Jordan Blilie – Vocals
Mark Gajadhar – Drums
Morgan Henderson – Bass, Keyboard
Cody Votolato – Guitar
Johnny Whitney – Vocals, Keyboard

An ecstatic ‘Oh shit!’ moment occurs midway through the catchy and caustic bounce of The Blood Brothers’ “Street Wars / Exotic Foxholes.” The song settles lithely into an eerie calm, warm with sinuous upright bass, plaintive clarinet, and a hazy Hammond organ drone. It’s both blissful and melancholy, and a pure alchemy of the band’s individual creative powers. More importantly it is a bold inversion of a peerless and progressive aesthetic the Brothers have cultivated through years of dedication.

“Take someone like Charles Mingus,” offers bassist Morgan Henderson. “People would hear him and call it Jazz, but in his mind he was creating modern black Classical music.” Similarly, any vague notions of Punk may be too narrow and constricting to convey just what it is the Blood Brothers do so well. “I think we’ve always had the collective feeling that this is our music,” says vocalist Jordan Blilie. “So we should be able to do whatever the fuck we want with it.”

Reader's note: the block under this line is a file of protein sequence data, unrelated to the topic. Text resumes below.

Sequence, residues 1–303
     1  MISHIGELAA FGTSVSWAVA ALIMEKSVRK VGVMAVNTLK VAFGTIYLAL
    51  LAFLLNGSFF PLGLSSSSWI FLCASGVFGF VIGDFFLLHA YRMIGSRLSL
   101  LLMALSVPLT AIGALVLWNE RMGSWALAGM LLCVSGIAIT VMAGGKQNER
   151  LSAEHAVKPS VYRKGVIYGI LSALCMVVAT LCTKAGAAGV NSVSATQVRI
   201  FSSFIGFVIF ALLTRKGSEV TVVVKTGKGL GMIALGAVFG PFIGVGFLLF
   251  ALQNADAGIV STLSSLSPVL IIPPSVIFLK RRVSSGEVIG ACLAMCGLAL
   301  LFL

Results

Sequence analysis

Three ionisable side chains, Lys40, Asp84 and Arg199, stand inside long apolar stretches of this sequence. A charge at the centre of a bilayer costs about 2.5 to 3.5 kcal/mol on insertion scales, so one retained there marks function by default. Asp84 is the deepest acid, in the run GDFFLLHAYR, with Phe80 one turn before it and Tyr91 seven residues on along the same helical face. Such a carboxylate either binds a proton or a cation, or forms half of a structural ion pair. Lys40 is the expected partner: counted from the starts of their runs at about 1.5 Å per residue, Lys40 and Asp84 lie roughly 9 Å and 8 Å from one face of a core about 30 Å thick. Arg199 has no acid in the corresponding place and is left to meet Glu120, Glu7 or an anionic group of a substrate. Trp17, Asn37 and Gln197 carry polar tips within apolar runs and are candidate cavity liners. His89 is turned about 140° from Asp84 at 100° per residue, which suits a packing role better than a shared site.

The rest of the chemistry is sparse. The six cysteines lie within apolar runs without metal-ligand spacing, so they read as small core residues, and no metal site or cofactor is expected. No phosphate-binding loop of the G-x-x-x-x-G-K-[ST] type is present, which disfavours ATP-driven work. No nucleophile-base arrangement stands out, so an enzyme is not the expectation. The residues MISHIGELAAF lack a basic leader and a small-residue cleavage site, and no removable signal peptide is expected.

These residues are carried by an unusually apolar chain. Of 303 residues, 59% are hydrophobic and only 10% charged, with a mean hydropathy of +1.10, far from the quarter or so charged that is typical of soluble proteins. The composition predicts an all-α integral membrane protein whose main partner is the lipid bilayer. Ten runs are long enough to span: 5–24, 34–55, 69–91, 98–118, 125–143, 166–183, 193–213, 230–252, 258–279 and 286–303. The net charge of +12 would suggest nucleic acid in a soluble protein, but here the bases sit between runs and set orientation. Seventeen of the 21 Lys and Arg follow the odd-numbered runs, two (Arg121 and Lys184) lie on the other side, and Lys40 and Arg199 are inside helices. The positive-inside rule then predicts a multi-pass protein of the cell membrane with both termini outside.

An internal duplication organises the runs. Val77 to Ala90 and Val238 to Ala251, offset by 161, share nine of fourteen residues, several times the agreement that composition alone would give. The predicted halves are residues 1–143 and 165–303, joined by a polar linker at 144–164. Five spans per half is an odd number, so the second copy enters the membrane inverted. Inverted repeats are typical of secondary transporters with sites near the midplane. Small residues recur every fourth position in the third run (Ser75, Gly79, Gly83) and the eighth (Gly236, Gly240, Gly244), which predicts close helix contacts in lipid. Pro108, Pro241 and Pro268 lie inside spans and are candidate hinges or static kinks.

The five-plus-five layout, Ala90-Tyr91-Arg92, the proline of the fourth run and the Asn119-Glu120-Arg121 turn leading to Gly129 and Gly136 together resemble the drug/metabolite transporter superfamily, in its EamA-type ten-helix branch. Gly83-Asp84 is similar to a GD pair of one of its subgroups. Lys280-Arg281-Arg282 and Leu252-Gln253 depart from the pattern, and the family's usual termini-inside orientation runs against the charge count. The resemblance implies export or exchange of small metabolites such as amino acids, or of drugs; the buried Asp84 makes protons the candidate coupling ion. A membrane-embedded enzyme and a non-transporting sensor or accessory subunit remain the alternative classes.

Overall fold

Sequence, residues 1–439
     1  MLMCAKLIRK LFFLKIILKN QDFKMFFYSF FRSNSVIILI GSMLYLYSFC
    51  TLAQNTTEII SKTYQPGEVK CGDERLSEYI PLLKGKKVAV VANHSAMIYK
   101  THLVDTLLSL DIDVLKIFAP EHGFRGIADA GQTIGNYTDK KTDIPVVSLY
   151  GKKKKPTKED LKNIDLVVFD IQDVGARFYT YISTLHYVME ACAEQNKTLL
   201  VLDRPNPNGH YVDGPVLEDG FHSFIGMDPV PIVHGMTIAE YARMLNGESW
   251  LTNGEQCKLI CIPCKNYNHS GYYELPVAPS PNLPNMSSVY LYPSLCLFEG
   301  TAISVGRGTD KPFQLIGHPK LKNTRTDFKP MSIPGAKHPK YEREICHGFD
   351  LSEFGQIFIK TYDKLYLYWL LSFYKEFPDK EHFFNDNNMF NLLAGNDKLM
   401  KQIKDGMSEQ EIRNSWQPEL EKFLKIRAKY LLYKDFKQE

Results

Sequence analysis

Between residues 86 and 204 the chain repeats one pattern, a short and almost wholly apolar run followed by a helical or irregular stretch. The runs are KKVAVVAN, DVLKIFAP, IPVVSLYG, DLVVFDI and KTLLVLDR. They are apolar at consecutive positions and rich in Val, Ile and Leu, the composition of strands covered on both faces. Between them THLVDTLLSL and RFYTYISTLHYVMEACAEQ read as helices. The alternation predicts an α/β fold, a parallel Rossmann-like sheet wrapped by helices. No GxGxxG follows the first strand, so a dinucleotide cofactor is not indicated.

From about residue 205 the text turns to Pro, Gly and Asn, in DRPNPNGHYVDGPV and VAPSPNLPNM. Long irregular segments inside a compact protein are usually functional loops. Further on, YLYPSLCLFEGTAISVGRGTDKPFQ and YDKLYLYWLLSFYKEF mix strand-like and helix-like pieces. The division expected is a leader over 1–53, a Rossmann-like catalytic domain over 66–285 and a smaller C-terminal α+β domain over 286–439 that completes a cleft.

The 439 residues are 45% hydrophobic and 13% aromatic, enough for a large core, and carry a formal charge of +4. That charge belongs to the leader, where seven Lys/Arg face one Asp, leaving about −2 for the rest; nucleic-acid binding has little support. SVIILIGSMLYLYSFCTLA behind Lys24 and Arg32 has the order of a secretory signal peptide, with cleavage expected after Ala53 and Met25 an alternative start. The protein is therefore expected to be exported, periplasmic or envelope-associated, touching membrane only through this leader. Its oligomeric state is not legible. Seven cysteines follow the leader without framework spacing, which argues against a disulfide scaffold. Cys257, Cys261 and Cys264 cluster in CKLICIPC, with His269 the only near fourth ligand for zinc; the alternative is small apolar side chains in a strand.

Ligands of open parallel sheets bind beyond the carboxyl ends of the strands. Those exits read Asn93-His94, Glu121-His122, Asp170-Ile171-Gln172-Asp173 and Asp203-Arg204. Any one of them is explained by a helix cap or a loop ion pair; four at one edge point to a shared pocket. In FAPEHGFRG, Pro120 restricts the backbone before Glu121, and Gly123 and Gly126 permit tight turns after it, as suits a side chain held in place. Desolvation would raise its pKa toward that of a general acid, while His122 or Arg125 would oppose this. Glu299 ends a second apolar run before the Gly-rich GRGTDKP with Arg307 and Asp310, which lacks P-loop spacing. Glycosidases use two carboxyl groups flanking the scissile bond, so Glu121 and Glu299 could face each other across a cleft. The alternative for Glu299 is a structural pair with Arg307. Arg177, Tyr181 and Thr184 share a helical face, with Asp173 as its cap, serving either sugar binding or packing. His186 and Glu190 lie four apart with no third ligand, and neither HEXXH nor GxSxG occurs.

In the waning spring days of 2006, the Brothers converged on Seattle’s Robert Lang Studios to record Young Machetes, the follow up to their 2004 V2 debut, Crimes. Once again the band teamed with Crimes producer, John Goodmanson (who also mixed and engineered the project) and, in addition, enlisted Guy Picciotto (famed Fugazi member and Rites of Spring founder) and together the two inspired a renewed energy and confidence in the band. “John and Guy helped us believe in our first instincts,” says Morgan, as evidenced on the rousing “Spit Shine Your Black Clouds.” What begins as a sly shake across a quicksand dance floor, hungry for hearts of glass, deftly segues into a sour ballad-esque passage propelled by Johnny’s baroque howl.

Lyrically, Young Machetes remains firmly rooted in the surreal consciousness, rage and oblique politics the Brothers have always embraced. It also reveals a new, once-bitten wisdom. “I thought the collective dissent of our generation would bring about positive change,” says Jordan of the election year climate that inspired Crimes and its direct commentary. “When that didn’t happen I felt like the bottom had fallen out.” Still, Jordan and the band stay positive, motivated by the idea of the ‘personal as political.’ “It comes down to your dollars and cents – who and what you choose to support.” It also means music is a microcosm for change. “Imagine where we could go with music,” Morgan ponders, “if we always said ‘yes’ and not ‘no.’”

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